VITO v. PALEY.
George R. Vito, D.P.M., filed this action in defamation against Dror Paley, M.D., alleging that Paley had knowingly and intentionally made false and malicious statements in an expert affidavit required by OCGA § 9-11-9.1(a). Because we find that the statements in the affidavit were privileged under OCGA § 51-5-8, we affirm the trial court's grant of Paley' s motion to dismiss.
Sabih Kalidy filed a medical malpractice action against Vito when he experienced complications after Vito had performed leg lengthening surgery on him. Paley, an expert in this procedure, prepared a professional affidavit in support of the malpractice claim against Vito. Vito subsequently filed this action against Paley, contending that the statements in the affidavit were false and malicious and thus constituted defamation. Paley filed a motion to dismiss, maintaining that the statements in the affidavit were privileged under OCGA § 51-5-8. The trial court granted the motion.
On appeal, Vito urges that the trial court erred by finding that the affidavit was privileged because it was a necessary part of the pleadings in the malpractice action. He also maintains that questions of fact remain as to whether Paley's “libelous statements in his affidavit were published prior to the affidavit's attachment to a pleading.” We find both arguments meritless.
OCGA § 9-11-9.1(a) provides that “[i]n any action for damages alleging professional malpractice ․ the plaintiff shall be required to file with the complaint an affidavit of an expert competent to testify, which affidavit shall set forth specifically at least one negligent act or omission claimed to exist and the factual basis for each such claim.” Id. Under OCGA § 51-5-8, “[a]ll charges, allegations, and averments contained in regular pleadings filed in a court of competent jurisdiction, which are pertinent and material to the relief sought,” are absolutely privileged. And, as this court recognized in Robinson v. Starr, 197 Ga.App. 440, 441(2), 398 S.E.2d 714 (1990), the professional affidavit required by OCGA § 9-11-9.1 is an “initial pleading requirement.” (Emphasis omitted.) Id.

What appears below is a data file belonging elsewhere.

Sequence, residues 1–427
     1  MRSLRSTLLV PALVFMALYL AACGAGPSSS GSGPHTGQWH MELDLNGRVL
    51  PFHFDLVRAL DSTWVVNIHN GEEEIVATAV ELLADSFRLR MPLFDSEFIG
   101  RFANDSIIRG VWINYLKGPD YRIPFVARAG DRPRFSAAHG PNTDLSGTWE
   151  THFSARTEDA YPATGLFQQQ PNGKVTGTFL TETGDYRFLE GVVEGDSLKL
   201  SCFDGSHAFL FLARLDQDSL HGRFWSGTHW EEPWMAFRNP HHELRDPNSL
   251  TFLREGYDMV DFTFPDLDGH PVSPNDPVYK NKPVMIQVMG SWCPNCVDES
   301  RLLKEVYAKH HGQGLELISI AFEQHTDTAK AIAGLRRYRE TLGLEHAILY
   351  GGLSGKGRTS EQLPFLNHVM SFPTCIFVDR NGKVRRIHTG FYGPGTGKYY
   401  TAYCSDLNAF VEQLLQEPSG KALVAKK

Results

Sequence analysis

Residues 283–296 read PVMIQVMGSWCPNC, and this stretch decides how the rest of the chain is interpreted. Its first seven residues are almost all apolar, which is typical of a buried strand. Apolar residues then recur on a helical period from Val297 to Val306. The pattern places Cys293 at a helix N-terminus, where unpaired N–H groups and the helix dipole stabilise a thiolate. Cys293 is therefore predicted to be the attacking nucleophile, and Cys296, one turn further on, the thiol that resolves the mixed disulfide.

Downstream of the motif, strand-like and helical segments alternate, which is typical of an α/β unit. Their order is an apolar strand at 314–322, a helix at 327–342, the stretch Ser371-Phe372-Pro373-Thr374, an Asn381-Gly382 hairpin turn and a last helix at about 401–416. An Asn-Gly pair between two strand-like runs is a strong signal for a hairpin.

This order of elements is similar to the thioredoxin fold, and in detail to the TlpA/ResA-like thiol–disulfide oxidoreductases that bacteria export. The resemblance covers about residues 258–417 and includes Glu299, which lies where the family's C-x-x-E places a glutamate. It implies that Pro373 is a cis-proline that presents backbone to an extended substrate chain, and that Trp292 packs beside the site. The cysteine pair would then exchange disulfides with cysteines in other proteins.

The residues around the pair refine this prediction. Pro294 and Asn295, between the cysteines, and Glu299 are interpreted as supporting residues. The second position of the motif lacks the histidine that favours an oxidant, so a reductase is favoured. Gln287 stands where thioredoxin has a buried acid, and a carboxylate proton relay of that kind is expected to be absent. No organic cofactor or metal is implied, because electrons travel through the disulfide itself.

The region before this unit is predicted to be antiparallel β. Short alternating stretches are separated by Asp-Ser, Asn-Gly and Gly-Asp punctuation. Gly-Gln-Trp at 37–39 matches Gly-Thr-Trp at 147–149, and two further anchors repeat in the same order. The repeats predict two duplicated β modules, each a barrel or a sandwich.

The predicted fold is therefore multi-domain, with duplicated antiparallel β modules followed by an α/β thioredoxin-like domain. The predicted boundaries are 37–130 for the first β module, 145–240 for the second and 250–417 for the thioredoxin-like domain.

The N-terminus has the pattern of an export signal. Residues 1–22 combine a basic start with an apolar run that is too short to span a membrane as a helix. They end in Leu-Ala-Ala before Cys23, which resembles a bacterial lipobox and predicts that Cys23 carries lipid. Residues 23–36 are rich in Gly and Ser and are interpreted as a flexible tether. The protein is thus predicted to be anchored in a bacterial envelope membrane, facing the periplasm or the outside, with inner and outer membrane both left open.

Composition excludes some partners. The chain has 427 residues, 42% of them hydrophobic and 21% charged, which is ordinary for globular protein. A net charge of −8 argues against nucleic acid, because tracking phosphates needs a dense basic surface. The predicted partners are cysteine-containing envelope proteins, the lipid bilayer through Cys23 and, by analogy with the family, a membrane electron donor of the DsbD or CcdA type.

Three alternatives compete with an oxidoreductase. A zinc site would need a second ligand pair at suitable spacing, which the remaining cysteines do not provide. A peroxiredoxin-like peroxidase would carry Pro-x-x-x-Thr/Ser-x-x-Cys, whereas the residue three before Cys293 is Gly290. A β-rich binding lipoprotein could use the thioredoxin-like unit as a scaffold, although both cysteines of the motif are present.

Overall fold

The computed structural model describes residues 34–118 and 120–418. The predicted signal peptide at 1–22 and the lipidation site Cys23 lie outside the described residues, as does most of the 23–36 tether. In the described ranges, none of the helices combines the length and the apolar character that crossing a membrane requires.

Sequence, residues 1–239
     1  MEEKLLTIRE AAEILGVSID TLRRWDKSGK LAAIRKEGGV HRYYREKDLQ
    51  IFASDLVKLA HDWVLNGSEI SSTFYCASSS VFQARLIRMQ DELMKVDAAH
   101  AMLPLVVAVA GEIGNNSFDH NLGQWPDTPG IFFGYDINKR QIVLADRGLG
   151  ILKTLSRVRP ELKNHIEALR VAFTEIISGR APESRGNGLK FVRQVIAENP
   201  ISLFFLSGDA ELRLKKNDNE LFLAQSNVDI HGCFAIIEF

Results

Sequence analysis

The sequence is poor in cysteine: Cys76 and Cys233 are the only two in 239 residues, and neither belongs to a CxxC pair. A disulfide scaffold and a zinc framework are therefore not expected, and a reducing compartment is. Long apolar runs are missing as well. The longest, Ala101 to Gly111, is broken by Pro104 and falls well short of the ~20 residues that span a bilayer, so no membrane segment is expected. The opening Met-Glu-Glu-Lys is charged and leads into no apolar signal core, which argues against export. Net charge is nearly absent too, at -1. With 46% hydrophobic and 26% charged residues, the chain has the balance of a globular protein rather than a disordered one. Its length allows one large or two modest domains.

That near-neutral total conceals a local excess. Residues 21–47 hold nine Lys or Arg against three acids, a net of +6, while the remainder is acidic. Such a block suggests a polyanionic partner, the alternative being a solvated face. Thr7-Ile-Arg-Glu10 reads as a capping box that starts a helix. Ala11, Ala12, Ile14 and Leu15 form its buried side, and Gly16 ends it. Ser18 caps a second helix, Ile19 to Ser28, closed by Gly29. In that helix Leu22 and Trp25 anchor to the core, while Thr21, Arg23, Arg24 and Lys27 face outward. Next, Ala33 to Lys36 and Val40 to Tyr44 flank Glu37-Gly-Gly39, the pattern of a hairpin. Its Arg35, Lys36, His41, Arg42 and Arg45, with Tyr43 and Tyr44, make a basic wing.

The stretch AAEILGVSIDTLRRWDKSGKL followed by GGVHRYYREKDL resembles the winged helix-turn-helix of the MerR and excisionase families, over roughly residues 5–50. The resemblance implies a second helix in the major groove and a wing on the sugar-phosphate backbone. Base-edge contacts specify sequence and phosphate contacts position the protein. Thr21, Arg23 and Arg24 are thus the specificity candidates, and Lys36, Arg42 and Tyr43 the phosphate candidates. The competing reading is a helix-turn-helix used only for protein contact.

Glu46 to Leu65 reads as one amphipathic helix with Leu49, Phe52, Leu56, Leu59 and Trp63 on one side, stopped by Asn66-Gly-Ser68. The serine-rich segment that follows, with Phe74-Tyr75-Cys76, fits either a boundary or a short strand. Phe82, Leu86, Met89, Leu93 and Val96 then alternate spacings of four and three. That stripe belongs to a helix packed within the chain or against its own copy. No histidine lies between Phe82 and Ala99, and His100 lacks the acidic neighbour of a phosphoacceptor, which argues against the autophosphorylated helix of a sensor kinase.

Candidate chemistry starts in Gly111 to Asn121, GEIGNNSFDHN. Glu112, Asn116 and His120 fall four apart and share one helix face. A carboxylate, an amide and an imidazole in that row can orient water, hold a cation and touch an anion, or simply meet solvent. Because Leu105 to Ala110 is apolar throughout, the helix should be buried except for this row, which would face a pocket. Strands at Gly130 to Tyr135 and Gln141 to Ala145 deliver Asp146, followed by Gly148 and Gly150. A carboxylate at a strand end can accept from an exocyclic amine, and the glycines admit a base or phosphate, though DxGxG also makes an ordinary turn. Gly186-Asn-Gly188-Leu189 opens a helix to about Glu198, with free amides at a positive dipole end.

Vito argues that, as a policy matter, the expert's affidavit “should not be included within the umbrella of regular pleadings protected by OCGA Section 51-5-8.” He maintains that this court needs to deter professionals from making frivolous allegations in their affidavits by removing the absolute privilege afforded the documents. He complains that the privilege creates experts who “make a career of signing affidavits.”
While we recognize that any system is imperfect and subject to abuses,
[t]he wisdom of so broad a privilege lies in the recognition that, without it, every complaint filed could generate a counterclaim for defamation. The privilege is intended for the promotion of the public welfare, the purpose being that members of the legislature, judges of courts, jurors, lawyers, and witnesses may speak their minds freely and exercise their respective functions without incurring the risk of a criminal prosecution or an action for the recovery of damages.
(Citation and punctuation omitted.) Stewart v. Walton, 254 Ga. 81, 82(2), 326 S.E.2d 738 (1985).
Moreover, Vito was not totally without recourse if, as he asserts, the statements in the expert affidavit were false. The expert affidavit is subject to the requirements of OCGA § 9-11-9.1 and nothing in that Code section precludes a resolution of the competency of the affidavit pursuant to a hearing. Hewett v. Kalish, 264 Ga. 183, 185(1), 442 S.E.2d 233 (1994); see also Freeman v. Pittman, 220 Ga.App. 672, 673(1), 469 S.E.2d 543 (1996) (sufficiency of expert affidavit attacked via motion to dismiss).
Accordingly, we agree with the trial court that the expert affidavit was absolutely privileged under OCGA § 51-5-8, and thus find no error in the trial court's dismissal of Vito's complaint.
BLACKBURN, P.J., and MIKELL, J., concur.